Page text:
St. John honors King’s legacy

Published 12:00 am Wednesday, January 23, 2013

By Kimberly Hopson

LAPLACE – St. John the Baptist Parish held celebrations on both banks of the Mississippi River on Monday as the community turned out to acknowledge the legacy of civil rights activist, the Rev. Dr. Martin Luther King Jr.
King’s actual birthday is Jan. 15, but the federal holiday is celebrated the third Monday in January. The holiday was officially observed by all 50 states in the union for the first time in 2000.
In LaPlace, a march took place on Airline Highway, followed by a rally at the Percy D. Herbert Building. The rally featured a keynote speech by Judge Sylvia Dunn. Dunn said she was able to complete her education at Dillard University because the word “can’t” was never part of her vocabulary, despite having come from an impoverished background, and added that it is important for the younger generations to be aware of the civil rights history that surrounds them in their own community.
The rally also featured the presentation of essays from two East St. John High School students, Dare’Yona Reid and Lee Scott. The topic of the essays was “How I Can Keep Martin Luther King’s Dream Alive.”
“I enjoyed the march for today. The young people need to know what it was all about, what Dr. King died for,” said Barbara Johnson, 52. “It’s not about violence or anything, but he gave us the right. I think they should carry that on for years to come.”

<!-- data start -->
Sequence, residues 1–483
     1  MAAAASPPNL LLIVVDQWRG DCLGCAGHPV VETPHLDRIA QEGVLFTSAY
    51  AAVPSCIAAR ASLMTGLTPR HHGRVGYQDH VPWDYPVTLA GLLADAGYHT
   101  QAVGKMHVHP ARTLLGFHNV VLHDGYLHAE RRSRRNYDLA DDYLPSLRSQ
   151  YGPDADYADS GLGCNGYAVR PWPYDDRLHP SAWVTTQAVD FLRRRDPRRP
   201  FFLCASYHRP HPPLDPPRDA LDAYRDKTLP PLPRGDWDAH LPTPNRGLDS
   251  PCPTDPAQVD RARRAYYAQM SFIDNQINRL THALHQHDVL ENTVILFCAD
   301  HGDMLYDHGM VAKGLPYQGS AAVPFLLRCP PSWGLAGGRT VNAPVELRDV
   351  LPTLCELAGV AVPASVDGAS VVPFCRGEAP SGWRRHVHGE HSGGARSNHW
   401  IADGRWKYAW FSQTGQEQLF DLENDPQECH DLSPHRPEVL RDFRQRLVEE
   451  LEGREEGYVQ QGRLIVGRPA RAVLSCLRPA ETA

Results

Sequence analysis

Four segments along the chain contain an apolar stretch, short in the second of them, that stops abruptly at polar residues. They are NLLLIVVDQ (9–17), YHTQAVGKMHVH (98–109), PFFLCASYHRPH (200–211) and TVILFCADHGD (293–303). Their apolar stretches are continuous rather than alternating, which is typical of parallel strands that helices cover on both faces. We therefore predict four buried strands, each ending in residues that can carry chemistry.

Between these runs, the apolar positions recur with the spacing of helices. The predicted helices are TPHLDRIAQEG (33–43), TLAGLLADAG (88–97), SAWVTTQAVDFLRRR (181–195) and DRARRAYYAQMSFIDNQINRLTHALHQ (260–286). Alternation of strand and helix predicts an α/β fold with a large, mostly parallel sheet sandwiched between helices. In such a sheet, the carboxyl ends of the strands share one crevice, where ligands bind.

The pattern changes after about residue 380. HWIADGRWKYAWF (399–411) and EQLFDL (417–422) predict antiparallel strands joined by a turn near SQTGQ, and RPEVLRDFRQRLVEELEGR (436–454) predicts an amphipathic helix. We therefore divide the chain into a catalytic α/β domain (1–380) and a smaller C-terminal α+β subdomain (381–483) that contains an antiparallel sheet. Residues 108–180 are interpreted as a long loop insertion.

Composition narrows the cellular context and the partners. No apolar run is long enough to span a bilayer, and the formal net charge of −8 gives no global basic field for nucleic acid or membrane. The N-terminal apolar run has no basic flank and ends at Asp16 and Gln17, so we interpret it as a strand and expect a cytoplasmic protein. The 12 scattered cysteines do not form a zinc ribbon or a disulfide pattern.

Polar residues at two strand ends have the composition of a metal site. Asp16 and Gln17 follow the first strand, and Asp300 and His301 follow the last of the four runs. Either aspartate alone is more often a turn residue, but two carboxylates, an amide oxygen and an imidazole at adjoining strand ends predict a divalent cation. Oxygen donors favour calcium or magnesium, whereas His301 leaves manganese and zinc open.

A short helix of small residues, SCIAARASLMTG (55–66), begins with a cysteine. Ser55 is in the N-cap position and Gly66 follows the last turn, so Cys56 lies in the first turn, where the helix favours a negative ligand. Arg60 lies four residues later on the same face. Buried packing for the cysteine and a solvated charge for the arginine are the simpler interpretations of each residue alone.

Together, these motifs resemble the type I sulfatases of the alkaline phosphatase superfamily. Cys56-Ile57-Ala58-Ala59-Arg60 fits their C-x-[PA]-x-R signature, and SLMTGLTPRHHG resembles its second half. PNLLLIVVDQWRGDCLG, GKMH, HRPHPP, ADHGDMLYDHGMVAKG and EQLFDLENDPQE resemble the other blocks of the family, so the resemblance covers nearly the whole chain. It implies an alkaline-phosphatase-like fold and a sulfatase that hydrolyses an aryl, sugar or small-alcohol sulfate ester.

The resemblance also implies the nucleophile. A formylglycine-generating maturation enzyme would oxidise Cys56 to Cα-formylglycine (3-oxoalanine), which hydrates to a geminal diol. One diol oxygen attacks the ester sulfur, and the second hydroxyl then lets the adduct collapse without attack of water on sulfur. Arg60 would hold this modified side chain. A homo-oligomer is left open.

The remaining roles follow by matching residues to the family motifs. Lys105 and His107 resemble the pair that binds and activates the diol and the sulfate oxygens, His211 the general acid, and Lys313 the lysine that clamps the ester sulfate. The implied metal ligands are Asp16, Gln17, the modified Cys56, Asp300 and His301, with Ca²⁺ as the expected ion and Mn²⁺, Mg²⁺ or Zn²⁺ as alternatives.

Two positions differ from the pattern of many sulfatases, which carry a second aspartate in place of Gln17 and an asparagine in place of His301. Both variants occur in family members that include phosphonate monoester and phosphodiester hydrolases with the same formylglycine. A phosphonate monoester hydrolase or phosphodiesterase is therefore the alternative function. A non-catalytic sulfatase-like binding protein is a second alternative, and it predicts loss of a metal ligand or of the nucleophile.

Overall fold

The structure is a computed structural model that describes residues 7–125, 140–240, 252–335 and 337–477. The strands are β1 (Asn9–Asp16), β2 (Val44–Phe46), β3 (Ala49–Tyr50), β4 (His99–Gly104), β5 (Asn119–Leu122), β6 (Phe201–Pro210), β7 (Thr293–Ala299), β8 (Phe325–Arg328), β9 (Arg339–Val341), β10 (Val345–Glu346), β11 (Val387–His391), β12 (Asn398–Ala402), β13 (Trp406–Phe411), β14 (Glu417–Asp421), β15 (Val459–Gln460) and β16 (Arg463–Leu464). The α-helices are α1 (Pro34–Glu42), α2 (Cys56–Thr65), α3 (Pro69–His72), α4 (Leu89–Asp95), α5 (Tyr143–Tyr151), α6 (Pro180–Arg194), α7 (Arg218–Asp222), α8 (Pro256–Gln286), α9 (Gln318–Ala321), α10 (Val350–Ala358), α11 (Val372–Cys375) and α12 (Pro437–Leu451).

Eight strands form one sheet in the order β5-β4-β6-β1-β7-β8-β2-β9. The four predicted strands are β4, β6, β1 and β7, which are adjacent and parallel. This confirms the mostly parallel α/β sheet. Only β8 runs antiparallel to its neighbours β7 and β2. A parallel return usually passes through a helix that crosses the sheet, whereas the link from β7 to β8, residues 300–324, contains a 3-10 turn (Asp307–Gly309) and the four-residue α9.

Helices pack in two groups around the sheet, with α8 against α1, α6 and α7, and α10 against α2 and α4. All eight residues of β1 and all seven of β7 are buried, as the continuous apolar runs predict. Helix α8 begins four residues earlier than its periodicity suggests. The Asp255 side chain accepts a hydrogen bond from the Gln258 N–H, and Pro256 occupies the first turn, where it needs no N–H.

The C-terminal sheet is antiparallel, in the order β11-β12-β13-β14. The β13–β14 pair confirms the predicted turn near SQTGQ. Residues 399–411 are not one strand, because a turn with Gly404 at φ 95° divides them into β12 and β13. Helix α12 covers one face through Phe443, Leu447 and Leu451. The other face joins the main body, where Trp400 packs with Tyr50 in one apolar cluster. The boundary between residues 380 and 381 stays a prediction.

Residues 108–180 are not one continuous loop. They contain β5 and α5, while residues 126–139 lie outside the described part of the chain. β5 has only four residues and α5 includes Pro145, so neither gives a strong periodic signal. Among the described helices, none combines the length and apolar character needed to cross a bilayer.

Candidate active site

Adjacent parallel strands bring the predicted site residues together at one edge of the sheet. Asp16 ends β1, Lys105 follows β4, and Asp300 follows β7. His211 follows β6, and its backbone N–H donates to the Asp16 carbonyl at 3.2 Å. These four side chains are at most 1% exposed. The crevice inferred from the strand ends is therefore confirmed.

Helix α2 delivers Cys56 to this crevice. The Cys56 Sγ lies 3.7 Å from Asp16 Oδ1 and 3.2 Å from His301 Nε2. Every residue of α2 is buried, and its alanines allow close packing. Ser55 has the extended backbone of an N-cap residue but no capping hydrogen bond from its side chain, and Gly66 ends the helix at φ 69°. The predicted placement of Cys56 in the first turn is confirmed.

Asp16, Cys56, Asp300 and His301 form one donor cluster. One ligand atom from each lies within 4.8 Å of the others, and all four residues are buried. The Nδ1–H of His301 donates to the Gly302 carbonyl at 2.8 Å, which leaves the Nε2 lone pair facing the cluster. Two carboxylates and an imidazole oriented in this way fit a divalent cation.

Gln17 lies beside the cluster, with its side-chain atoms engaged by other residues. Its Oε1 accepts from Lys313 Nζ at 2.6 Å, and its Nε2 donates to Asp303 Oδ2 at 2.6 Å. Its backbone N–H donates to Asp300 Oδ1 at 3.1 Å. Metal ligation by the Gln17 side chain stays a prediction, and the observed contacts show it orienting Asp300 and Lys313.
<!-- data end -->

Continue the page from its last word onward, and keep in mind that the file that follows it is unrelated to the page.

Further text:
In Edgard, the West St. John Civic Association also celebrated with a memorial march and rally. The community center was lined with posters created by students of West St. John Elementary School. The posters featured drawings of important figures in black history as well as information about what that person contributed to society.
The west bank rally also featured essay presentations by students. First-grader McKayla Roussieve, third-grader Madison Dinaut and sixth-graders Amaya Lamar and Savon Bridges were hand-selected to present their writings because they were the top performing students in their respective grade levels. In addition, the rally featured a stirring excerpt from King’s famous “I Have a Dream” speech, read by sixth-grader Alan Burl. Burl’s voice never wavered throughout the presentation and he projected as confidently as an adult.
Serina Duke, principal of West St. John Elementary School, said is important to continue acknowledging the work of King, not only because of the civil rights aspect, but also because of his message of non-violence.
“The world is so violent. Everybody’s response to every problem is just to react in violence,” she said. “A lot of people think about just the civil rights, which are still very important. But we also have to think about the fact that he was able to accomplish everything he did by being non-violent. We need to try to adopt some of those same beliefs so that we can also learn to solve our problems without being violent.”
Duke said her curriculum tries to help children become more well-rounded while teaching them pride in their heritage. Duke said a balanced curriculum is important because the children come from such a small community, and she wants her students to learn to function and become productive members of society anywhere in the world no matter what they decide to do in life.